Haley says her roads plan is about needs, not wants
Source: Greenville Online
January 29, 2015
COLUMBIA – Gov. Nikki Haley says her plan to fix the state's crumbling infrastructure isn't about building new roads but about bringing existing roads "up to par."
Haley also said Wednesday that while she appreciates the work that went into a road-funding plan passed by a House infrastructure panel Tuesday, she considers using an excise tax as part of that plan "dangerous."
Meanwhile, some House Democrats labeled Haley's plan as "ill-conceived" and accused the governor of "holding hostage" a gas tax increase in order to reduce the state's income tax rate.
Haley proposed to the Legislature last week that the state's gas tax be raised by 10 cents over three years, provided lawmakers first agree to scrap the current highway commission and reduce the state's income tax from 7 percent to 5 percent over 10 years.
The governor has sought the public's help in lobbying for her plan and said she will insist on the pairing of the gas tax increase with the income tax cut. She brought three cabinet agency directors forward Wednesday to publicly tout the plan.
"This is something I know will work," Haley said. "The idea that the sky is falling is for people who don't want to see change. That's not South Carolina any more."
A House infrastructure panel on Tuesday passed a plan that would cut the 16.75-cents-per-gallon gas tax by 6 cents and place a 6 percent excise tax on gas at the wholesale level, a combination that would mean 4 cents per gallon more if gas were selling for $2 per gallon, said Rep. Gary Simrill, chairman of the House infrastructure panel and the plan's architect.
The proposal also would increase the sales tax cap on vehicles from $300 to $500.
Counties would be asked to take back local roads in state inventory over three years under the House plan.
Each county would get $1 million and the amount of fuel tax that is sent to local governments would increase eventually from 2.66 cents per gallon to 6.5 cents under the plan.
Asked about the House plan Wednesday, Haley said there were a couple of things about which she didn't agree.
"Indexing (the excise tax) is a dangerous road that I would not go down because once you index you lose all control for the people of the state," she said.
"But we'll keep talking with them and see what they want to do. I appreciate that they are trying to move our way and we will continue to see how we can help them get there."
Simrill said part of the proposal would include a cap on the state taxes so motorists would never see more than a net 10-cent increase in the fuel tax. He said the combination is what South Carolina's neighboring states use and was also recommended several years ago by a tax reform panel.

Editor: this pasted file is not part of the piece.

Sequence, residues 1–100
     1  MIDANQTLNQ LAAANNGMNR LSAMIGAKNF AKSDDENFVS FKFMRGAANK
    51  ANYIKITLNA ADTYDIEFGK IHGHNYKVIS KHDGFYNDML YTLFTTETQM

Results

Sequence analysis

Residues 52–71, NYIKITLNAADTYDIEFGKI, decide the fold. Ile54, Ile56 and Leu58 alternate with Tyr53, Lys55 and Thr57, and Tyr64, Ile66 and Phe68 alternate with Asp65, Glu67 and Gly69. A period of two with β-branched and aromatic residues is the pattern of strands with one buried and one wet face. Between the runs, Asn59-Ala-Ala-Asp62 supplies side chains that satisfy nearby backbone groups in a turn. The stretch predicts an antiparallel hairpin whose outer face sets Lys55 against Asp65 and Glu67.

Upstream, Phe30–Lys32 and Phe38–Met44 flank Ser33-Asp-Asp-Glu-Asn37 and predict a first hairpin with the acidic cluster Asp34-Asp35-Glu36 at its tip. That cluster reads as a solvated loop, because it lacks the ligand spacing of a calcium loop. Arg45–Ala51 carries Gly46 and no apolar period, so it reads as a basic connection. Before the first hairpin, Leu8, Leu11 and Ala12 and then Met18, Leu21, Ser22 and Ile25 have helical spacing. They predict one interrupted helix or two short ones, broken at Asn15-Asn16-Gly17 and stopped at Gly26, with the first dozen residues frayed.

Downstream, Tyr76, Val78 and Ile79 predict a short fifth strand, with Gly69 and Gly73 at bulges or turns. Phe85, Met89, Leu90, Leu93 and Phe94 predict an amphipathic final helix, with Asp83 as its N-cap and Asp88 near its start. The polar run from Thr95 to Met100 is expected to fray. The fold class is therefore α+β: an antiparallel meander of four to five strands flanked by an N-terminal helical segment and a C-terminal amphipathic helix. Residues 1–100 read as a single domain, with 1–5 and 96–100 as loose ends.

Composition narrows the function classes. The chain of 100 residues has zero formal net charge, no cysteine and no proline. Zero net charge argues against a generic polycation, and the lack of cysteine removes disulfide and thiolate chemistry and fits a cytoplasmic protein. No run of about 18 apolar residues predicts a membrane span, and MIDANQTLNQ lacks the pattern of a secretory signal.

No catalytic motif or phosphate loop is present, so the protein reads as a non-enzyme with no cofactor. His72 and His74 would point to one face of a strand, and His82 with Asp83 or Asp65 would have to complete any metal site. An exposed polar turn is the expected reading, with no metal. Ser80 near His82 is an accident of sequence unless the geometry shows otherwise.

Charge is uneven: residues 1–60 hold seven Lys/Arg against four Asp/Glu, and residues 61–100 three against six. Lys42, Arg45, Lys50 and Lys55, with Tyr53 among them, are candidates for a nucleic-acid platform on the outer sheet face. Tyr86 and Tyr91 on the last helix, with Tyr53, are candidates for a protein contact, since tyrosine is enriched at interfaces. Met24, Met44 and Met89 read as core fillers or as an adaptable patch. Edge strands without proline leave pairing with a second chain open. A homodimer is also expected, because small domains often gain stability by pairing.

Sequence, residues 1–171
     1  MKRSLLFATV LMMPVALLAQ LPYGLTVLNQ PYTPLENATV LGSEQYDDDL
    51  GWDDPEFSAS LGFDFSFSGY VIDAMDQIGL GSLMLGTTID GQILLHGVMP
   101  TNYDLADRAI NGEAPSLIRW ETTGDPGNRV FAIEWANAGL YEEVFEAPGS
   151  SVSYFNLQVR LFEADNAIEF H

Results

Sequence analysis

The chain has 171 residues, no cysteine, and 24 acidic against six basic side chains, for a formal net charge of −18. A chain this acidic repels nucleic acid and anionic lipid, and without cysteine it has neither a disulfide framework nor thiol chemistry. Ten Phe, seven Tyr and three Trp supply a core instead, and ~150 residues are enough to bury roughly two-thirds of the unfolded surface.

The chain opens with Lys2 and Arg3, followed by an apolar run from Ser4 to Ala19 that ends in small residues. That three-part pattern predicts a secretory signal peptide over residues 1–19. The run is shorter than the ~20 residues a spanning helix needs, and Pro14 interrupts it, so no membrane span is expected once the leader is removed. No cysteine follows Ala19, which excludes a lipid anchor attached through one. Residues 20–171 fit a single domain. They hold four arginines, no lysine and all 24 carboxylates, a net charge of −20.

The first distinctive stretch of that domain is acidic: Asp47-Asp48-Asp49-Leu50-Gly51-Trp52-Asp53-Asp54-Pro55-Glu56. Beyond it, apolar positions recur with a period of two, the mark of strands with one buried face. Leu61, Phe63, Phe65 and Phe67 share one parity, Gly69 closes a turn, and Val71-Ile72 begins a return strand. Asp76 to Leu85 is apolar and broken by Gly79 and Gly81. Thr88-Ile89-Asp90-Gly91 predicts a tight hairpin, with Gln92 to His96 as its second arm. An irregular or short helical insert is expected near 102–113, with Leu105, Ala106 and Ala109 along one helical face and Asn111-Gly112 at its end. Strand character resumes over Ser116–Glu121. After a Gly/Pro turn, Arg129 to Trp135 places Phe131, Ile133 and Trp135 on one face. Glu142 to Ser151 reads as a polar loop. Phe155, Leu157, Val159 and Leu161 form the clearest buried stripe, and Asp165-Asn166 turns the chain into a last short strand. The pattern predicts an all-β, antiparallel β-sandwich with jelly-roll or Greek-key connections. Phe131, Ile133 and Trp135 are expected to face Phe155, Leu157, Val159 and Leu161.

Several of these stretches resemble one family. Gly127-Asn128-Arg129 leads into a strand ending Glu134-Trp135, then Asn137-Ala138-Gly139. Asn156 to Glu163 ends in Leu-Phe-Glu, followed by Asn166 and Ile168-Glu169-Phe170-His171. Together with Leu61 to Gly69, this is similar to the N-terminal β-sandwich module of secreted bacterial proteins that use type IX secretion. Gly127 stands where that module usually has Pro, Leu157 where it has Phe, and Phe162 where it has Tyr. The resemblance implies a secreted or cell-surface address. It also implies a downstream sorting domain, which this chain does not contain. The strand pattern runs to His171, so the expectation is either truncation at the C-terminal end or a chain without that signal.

Haley and State Transportation Secretary Janet Oakley said the $394 million a year Haley said will be raised by the governor's plan isn't a panacea for the state's infrastructure issues but an attempt to repair what's broken.
"We're going to get it up to par and make sure there's enough money to maintain it," she said.
"Then let's have a conversation about whether it's going to be I-26 or I-95 or whether it's going to be I-73 or anything else. Let's have a targeted conversation on that, rather than just say let's raise it because we can and then figure out how to spend it later."
The state Department of Transportation, which Oakley leads, last year projected the state's transportation funding shortfall at $1.4 billion a year until 2040.
But Oakley said that figure includes new roads, interchanges and road expansions. She said the state's first step needs to be restoring the system.
"This isn't about wants," Haley said. "This is about needs."
But Rep. James Smith, a Columbia Democrat, said the governor's plan is more a tax-relief plan.
"I think it's wrong for this governor to hold a roads plan hostage in favor of some tax scheme that clearly favors the most wealthy in South Carolina at the expense of working families who would see an increase in the gas tax but get no benefit from what the governor purports to do."
Smith said he doesn't believe the plan will "see the light of day" as legislation or "be given any serious consideration" by legislators.
Democrats have argued that the income tax reduction part of Haley's plan would grant 379 tax filers who have taxable income more than $2 million with an average benefit of $145,000.
More than 1 million filers, many of whom are on fixed incomes, won't pay any tax and therefore not benefit from the tax cut, according to the Democrats.
Those with incomes of between $30,000 and $40,000 would get an average benefit of $948, the Democrats argue.
Haley said the state is growing, which will produce the surpluses needed to pay for the tax cuts, which she said are being stretched over 10 years to make them manageable for the budget.
She said again Wednesday the cuts are necessary to keep the state competitive with other states in the Southeast.
Rep. Russell Ott, a Calhoun County Democrat who sat on the infrastructure committee, said his constituents aren't interested in a plan that merely brings the system up to par. He said the state should be focused on building a good road system, not patching potholes.
Haley said the plan will get a House sponsor and lawmakers her office has talked to like it and "want to know how to get there."
Simrill said he plans to talk to both the House GOP and Democratic caucuses about the infrastructure committee plan next week, which eventually will be drafted as a bill and sent through the committee process.